Perhaps, the most visible role of the Code Enforcement Officer is in the "Battle of the Blight." How effectively a Code Enforcement Officer performs their job can have a major impact on the property values and image of the community. Code Enforcement Officers support and enhance the overall quality of life in the community while working to keep aging buildings, homes, and properties from becoming an eyesore. Every community faces struggles with vacant buildings, trash, tall grass and weeds, graffiti, and inoperable vehicles.
The City of Reynoldsburg is taking a proactive role in code/zoning enforcement throughout the City. The same standards are applied throughout the City on a daily basis, based on our current rules and regulations. In the event a property owner is unable to comply with the timeframe given for a specific violation due to an extenuating circumstance (medical condition, disability, availability of contractor, etc.), they may contact the City and request a one-time extension which may be granted if the property owner can provide documentation to substantiate their request. The violation still is considered valid, and if the City agrees to grant an extension it is imperative that it be remedied by the agreed-upon date. A property owner may also file a formal appeal with the City's Board of Zoning and Building Appeals (BZBA).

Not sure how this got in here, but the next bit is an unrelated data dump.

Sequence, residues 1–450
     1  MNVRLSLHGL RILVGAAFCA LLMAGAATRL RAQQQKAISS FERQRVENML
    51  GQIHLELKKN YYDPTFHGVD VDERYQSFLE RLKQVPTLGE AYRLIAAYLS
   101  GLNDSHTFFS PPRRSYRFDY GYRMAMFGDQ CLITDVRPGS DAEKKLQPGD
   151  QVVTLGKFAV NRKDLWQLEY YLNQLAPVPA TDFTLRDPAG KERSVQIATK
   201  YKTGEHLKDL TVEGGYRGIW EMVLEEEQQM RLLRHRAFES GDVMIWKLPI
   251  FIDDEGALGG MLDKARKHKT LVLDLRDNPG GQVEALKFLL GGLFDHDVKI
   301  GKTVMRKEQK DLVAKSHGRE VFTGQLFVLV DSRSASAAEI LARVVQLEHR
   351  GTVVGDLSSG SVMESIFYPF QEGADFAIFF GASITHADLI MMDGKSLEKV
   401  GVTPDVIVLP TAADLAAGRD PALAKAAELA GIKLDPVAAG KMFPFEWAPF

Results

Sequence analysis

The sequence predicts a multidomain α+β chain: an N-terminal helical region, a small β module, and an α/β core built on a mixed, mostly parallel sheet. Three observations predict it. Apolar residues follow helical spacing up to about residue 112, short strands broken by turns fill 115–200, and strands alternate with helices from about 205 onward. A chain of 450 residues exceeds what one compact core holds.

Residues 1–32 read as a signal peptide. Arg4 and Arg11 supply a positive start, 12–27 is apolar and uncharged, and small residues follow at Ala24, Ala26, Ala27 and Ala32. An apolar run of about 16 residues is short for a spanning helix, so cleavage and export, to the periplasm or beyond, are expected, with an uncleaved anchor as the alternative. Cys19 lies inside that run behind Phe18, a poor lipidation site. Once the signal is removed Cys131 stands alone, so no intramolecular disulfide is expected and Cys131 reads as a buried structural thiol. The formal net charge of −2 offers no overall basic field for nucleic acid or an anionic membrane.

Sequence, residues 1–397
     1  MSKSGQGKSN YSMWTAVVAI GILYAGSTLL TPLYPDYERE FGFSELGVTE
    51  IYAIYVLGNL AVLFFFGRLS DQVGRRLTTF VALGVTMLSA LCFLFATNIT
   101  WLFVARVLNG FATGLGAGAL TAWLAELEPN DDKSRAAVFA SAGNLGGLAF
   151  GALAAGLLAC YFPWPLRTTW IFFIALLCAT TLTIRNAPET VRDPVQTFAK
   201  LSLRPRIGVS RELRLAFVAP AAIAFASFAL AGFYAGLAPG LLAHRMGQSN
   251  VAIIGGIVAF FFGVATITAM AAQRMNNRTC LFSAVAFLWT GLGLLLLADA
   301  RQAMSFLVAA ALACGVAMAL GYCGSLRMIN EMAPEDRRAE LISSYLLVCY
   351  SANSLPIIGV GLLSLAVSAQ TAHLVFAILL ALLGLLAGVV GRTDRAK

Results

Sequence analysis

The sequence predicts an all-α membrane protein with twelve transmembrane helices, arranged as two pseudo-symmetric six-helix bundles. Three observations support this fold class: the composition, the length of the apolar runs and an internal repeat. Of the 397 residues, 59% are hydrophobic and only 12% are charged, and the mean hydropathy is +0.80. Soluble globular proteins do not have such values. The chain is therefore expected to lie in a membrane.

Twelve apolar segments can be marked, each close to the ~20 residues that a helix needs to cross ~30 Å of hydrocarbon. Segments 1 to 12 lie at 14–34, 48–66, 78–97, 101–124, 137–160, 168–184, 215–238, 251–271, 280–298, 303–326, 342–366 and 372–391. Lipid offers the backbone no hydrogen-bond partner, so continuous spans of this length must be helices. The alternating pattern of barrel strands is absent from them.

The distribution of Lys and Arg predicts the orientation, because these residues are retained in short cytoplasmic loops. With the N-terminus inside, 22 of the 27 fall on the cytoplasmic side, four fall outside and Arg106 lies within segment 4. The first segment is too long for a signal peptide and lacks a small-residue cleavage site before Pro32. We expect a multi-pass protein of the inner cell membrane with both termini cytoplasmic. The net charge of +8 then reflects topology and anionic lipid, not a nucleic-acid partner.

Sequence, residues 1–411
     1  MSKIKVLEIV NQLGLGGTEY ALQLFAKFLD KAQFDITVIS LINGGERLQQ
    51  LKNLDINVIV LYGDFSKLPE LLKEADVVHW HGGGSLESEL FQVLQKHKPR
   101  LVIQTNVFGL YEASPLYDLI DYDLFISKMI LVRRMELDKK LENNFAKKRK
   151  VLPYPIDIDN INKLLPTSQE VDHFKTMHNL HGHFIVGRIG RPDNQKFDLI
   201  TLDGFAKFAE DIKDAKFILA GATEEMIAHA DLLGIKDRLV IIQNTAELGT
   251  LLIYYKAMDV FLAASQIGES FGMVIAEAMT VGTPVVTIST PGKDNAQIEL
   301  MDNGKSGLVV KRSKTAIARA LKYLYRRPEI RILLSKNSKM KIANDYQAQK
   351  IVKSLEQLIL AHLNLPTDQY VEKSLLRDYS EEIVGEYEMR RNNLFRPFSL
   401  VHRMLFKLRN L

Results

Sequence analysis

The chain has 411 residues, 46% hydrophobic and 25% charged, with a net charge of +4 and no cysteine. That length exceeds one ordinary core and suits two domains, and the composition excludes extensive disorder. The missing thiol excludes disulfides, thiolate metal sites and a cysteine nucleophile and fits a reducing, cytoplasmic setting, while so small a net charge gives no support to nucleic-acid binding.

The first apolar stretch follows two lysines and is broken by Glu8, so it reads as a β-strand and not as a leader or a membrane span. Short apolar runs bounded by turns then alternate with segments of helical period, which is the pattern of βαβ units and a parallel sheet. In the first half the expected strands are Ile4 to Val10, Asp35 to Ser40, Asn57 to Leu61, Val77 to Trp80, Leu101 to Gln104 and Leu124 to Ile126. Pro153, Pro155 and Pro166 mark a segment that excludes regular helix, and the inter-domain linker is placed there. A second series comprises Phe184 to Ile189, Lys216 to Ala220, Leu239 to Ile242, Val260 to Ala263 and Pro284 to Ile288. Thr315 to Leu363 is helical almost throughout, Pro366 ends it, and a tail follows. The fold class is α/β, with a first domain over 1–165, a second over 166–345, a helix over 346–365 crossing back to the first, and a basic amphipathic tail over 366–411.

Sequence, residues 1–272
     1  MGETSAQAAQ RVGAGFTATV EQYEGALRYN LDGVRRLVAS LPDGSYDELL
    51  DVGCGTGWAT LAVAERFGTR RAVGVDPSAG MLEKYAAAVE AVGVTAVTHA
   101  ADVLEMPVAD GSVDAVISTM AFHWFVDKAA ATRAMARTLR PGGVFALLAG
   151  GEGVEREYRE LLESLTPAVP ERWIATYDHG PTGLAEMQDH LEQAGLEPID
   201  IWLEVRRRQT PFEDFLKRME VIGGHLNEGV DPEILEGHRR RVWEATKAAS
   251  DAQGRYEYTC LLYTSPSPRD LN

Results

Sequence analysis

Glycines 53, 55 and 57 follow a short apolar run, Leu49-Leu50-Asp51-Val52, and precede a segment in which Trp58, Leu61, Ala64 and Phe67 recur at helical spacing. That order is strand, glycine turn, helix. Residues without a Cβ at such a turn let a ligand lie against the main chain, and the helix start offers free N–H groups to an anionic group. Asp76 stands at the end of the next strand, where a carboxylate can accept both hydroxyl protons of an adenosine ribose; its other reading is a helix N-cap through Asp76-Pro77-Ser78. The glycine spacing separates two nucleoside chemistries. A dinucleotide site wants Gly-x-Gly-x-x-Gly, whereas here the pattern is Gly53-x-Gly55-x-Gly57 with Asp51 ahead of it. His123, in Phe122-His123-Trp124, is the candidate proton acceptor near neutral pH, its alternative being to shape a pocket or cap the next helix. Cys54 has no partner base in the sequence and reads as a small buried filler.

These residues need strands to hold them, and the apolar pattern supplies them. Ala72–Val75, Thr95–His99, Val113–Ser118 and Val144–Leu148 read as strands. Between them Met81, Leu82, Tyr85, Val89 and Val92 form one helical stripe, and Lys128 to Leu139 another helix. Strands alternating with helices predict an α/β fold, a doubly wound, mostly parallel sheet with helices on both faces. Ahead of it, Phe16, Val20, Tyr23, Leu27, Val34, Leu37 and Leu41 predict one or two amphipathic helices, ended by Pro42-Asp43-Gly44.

In Most Cases
- A violation is issued to the property owner, and they are given a period of time to make the necessary corrections to remedy the situation without any further action/penalties. The amount of time a property owner is given to correct a violation is based on the situation, as certain ones pose more of an immediate risk to the public's health and welfare than others, and therefore require a shorter, or immediate solution.
- If the situation is not remedied within the specified time frame a second violation is issued, along with a new date (shorter) to correct the situation. If the City feels the situation poses a threat to the health and well-being of its residents, or the City was unable to reach the property owner (correspondence returned, property vacant/abandoned, etc.), an order may then be issued to have the City's authorized agent remedy the situation. The cost of this work, including administrative fees, will then be assessed to the property owner's property tax bill as a special assessment.
- Extreme neglect and failure to remedy urgent matters may be cited directly in municipal court for enforcement.
- All commercial properties found in violation of any property maintenance code will follow the same protocol, however, all violations will be distributed via Certified Mail.